This post was written by Dave Reinhardt who, before pursuing a PhD at the University of St Andrews with a focus on the theological significance of embodied expression, was involved in education through the arts in Charlotte, NC.

[1] “On This Stage, Jesus Is A Robber; The Devil’s A Rapist : NPR.” 2013. Accessed May 6.

[2] “Prison Passion Play” 2012. New York Times, May 5, sec. U.S.

[3] “Power of Art: Can Painting Improve Your Grades?” 2013. BBC, March 26, sec. Magazine.


  • Before making his way to St Andrews, Dave played the part of a peasant and a street sweep at a Renaissance Festival and Walt Disney World respectively. However, his interest in performance and communication were also put to use for over a decade as a corporate communications trainer in Charlotte, NC where he and his wife, Carrie, lived before moving overseas. Since then, they’ve welcomed their daughters Molly and Abigail into the world and Dave completed his M.Litt in Theology, Imagination, and the Arts at St Andrews. At the moment he’s busy researching the theological significance of embodied expression in pursuit of a PhD from St Andrews.

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  1. says: bruce herman

    Dave – the relational dimension is undoubtedly pivotal. There is however another element that might go unnoticed: human flourishing requires that we be allowed and encouraged to engage in being human. Being human means “making” things. (Read: poems, plays, paintings, a loaf of bread, cities, universities, chairs, dwellings…). Making and being human are so fundamentally interwoven as to be virtually identical. Etienne Gilson (close friend and colleague of Jacques Maritain) explores the the connection between “making” and beauty in THE ARTS OF THE BEAUTIFUL. Making beauty is, I think, a fundamental need like sleep, food, sex. Human flourishing is not only diminished when that mode of being is frustrated––it is significantly distorted. Violence and the fury of hatred fill the space where beauty belongs. When children (and even hardened criminals) are allowed and encouraged and trained to make something beautiful, they are simply being allowed to engage in what human beings are meant to do. Deprive someone of food or sleep and they will eventually either become psychotic or they will resort to violence and crime. Deprive someone of the possibility of making something good and beautiful and true, and likewise you distort their very being. “Transformative” is a strong word. I would substitute “restorative.”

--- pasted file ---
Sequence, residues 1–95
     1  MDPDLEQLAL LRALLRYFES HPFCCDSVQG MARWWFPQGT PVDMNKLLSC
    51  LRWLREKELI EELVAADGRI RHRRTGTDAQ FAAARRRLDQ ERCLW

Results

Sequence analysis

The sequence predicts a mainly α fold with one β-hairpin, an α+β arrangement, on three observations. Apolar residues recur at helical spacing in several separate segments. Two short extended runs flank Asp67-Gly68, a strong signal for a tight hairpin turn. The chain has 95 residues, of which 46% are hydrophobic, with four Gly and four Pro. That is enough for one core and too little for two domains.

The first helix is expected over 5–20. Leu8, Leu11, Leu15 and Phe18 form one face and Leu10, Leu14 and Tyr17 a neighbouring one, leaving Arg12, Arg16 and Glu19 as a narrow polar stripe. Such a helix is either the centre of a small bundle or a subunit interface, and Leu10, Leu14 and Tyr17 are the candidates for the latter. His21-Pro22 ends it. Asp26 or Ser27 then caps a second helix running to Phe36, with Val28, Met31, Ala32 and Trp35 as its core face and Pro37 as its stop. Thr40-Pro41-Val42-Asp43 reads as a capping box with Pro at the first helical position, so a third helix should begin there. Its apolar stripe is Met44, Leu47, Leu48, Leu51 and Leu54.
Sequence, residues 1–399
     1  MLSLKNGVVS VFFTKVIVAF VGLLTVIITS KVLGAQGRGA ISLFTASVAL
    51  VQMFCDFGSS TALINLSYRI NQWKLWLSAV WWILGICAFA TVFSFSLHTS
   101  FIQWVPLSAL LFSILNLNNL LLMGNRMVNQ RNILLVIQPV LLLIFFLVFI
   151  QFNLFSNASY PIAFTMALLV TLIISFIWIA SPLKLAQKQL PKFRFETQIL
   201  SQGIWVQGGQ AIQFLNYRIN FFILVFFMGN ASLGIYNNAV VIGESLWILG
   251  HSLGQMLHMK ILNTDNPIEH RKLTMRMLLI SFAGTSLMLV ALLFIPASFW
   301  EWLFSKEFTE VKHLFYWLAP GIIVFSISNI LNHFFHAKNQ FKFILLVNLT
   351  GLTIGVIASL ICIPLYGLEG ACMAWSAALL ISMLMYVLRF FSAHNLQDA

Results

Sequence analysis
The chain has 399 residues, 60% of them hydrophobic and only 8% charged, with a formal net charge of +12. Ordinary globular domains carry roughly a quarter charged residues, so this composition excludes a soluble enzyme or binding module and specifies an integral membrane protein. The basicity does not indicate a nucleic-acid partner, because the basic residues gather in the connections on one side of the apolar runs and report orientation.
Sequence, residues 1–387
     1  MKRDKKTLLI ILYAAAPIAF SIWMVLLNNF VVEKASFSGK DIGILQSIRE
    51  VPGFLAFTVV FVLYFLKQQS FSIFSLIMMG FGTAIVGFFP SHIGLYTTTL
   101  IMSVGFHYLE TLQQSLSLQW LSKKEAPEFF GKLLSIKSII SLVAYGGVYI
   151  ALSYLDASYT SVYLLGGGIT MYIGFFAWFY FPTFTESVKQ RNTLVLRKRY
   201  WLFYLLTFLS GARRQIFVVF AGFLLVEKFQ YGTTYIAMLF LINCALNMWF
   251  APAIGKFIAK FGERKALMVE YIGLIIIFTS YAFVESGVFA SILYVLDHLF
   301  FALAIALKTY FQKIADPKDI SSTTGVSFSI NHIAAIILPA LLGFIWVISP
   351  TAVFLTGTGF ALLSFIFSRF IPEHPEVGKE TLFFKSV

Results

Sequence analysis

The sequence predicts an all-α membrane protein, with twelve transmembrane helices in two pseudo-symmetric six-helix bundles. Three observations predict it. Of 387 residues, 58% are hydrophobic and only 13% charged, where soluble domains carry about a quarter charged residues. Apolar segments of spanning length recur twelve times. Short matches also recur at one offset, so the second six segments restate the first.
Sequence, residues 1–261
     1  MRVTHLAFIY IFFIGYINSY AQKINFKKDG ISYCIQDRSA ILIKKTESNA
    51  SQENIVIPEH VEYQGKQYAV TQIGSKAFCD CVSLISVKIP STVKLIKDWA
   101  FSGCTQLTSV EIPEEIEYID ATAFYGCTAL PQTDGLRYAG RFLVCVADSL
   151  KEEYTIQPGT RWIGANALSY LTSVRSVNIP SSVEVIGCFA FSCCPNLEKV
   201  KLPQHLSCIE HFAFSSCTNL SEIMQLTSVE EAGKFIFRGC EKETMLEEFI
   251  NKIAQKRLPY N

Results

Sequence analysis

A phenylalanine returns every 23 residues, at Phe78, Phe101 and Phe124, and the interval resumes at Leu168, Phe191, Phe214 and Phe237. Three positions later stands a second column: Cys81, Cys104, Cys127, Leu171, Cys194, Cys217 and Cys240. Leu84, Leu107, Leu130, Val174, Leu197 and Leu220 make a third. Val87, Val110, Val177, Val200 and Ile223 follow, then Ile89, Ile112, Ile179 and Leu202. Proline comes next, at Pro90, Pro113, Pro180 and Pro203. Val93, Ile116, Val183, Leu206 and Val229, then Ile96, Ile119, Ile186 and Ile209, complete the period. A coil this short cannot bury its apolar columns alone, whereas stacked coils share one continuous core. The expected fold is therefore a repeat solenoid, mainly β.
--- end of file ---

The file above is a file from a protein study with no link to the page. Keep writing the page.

2. says: Dave Reinhardt

    Thanks, Bruce, for your thoughts. As I write, I can’t help but remember taking part in the arts breakout track you led at the InterVarsity Grad/Faculty conference in Chicago where the theme was human flourishing. Thanks for your teaching then, and for your comments here. You’re right. From the creation account in Genesis it’s clear that humanity is created in the image of One who creates. And, in each example offered above, the prisoners and students were not simply suppressed and controlled, they were given opportunities to create works of beauty; as seems plausible from the outcome, this facilitated the restoration of an image that had been so badly tarnished (of course, there’s even more ‘much more’ to be explored here!).

    Perhaps the word ‘transformation’ is used rather than ‘restoration’ because the concept you offer of what it means to be human isn’t widely accepted. But, I think most people, if they stepped back and looked at each situation, would be inclined to say, ‘This is more in keeping with how things are meant to be’. In so doing, they would (perhaps unwittingly) disclose a sense of tacit knowledge about God’s original intent for humanity.